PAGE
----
[0047] FIGETRE 9B shows an alternative arrangement for the example case 800. Here, the Hall Effect sensor 130 is mounted on a top side of the PCB 860 such that the PCB 860 is positioned between the Hall Effect sensor 130 and the second end 114 of the extension member 110. This alternative arrangement may be implemented, for example, where over sensitivity would result from the Hall Effect sensor 130 being mounted on the bottom side of the PCB 860 directly facing the second end 114. By mounting the Hall Effect sensor 130 on the top side of the PCB 860, the distance between the Hall Effect sensor 130 and the second end 114 may be increased as compared to the arrangement shown in FIGETRE 9A, which lowers the sensitivity of the Hall Effect sensor 130, which in turn increases a dynamic range for adjustment of the Hall Effect sensor 130. Further, in this alternative arrangement the PCB 860 may provide the Hall Effect sensor 130 additional protection both as a barrier against physical impact and as a barrier against electrostatic discharge through the extension member 110. The PCB 860 or copper trace will not cause B flux to change, as those are static fields.

[0048] Depending on the magnetic hysteresis curve of the extension member 110, the first predetermined threshold distance Dl may be different from the second predetermined threshold distance D2; likewise, the first predetermined threshold value may be different from the second predetermined threshold value. For example, the first predetermined threshold distance may be 1 mm-2 mm, while the second predetermined threshold distance may be 3 mm-4 mm. For another example, the first predetermined threshold value may be 1.2 V, while the second predetermined threshold value may be 0.5 V.

[0049] By choosing the Hall Effect sensor 130 and the extension member 110 with optimal hysteresis curve, the case 800 may be designed to prevent the Hall Effect sensor 130 from switching on and off the electrical component 870 when a very small variation in magnetic field results from noise, e.g., a vibration that causes the two covers to be temporarily separated by a very small distance.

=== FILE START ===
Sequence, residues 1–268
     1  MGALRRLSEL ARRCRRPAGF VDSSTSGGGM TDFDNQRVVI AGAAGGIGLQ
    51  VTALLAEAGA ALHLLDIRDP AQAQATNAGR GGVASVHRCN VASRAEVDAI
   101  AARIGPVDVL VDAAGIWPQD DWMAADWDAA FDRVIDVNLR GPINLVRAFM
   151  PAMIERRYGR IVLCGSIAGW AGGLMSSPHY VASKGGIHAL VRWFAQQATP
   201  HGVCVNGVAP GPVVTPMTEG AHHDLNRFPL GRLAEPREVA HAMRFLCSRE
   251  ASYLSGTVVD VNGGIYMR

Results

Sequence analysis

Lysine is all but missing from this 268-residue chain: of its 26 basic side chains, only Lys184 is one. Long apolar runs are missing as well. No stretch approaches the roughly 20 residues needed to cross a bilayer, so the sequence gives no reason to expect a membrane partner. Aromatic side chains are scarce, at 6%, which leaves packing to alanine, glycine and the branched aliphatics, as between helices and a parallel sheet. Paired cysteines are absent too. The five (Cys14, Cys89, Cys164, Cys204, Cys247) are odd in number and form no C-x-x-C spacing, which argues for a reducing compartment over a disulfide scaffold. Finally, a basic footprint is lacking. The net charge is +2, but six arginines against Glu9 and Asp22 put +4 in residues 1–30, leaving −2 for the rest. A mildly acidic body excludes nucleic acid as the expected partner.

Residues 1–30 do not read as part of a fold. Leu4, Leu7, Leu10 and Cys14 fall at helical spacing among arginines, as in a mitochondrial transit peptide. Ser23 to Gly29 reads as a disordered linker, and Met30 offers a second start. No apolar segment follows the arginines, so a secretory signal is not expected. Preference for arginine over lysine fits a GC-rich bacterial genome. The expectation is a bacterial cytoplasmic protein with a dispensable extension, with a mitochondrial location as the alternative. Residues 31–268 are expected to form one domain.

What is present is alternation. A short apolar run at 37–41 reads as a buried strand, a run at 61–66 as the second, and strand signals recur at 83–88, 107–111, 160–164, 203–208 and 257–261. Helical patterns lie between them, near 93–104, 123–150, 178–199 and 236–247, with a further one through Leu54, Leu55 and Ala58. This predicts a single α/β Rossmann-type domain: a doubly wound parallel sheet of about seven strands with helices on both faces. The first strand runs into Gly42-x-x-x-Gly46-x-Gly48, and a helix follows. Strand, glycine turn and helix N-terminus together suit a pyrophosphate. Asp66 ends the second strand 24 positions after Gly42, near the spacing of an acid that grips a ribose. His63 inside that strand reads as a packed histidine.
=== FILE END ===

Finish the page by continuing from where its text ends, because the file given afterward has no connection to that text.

[0050] Also in this example, the Hall Effect sensor 130 is sealed by a cover layer 880 such that the Hall Effect sensor 130 is protected from environmental contaminants, e.g., dust particles, water, etc. For example, the Hall Effect sensor 130 may be completely sealed inside a plastic cover that is impermeable to dust particles and water.

[0051] The technology described herein is advantageous in a number of ways. For example, compared to an infrared proximity sensor, a Hall Effect sensor costs less, consumes less power, and can be completely concealed. Where compactness is preferred or required, an extension member may be used to transfer a magnetic field from a magnet to the Hall Effect sensor without having to compromise the locations of the various components. In a device where a holding force between two components are desired, the extension member may further provide the holding force with the magnet without a need for a second magnet. Using a low remanence material, the extension member may be designed to both transfer the magnetic field and provide the holding force without saturating the Hall Effect sensor at unwanted times. The Hall Effect sensor and the extension member may also be selected based on their hysteresis curves to prevent unwanted responses to noise. The disclosed technology may further protect the Hall Effect sensor from environmental contaminants, which may prolong the life of the device.

[0052] Unless otherwise stated, the foregoing alternative examples are not mutually exclusive, but may be implemented in various combinations to achieve unique advantages. As these and other variations and combinations of the features discussed above can be utilized without departing from the subject matter defined by the claims, the foregoing description of the embodiments should be taken by way of illustration rather than by way of limitation of the subject matter defined by the claims. In addition, the provision of the examples described herein, as well as clauses phrased as "such as," "including" and the like, should not be interpreted as limiting the subject matter of the claims to the specific examples; rather, the examples are intended to illustrate only one of many possible embodiments. Further, the same reference numbers in different drawings can identify the same or similar elements.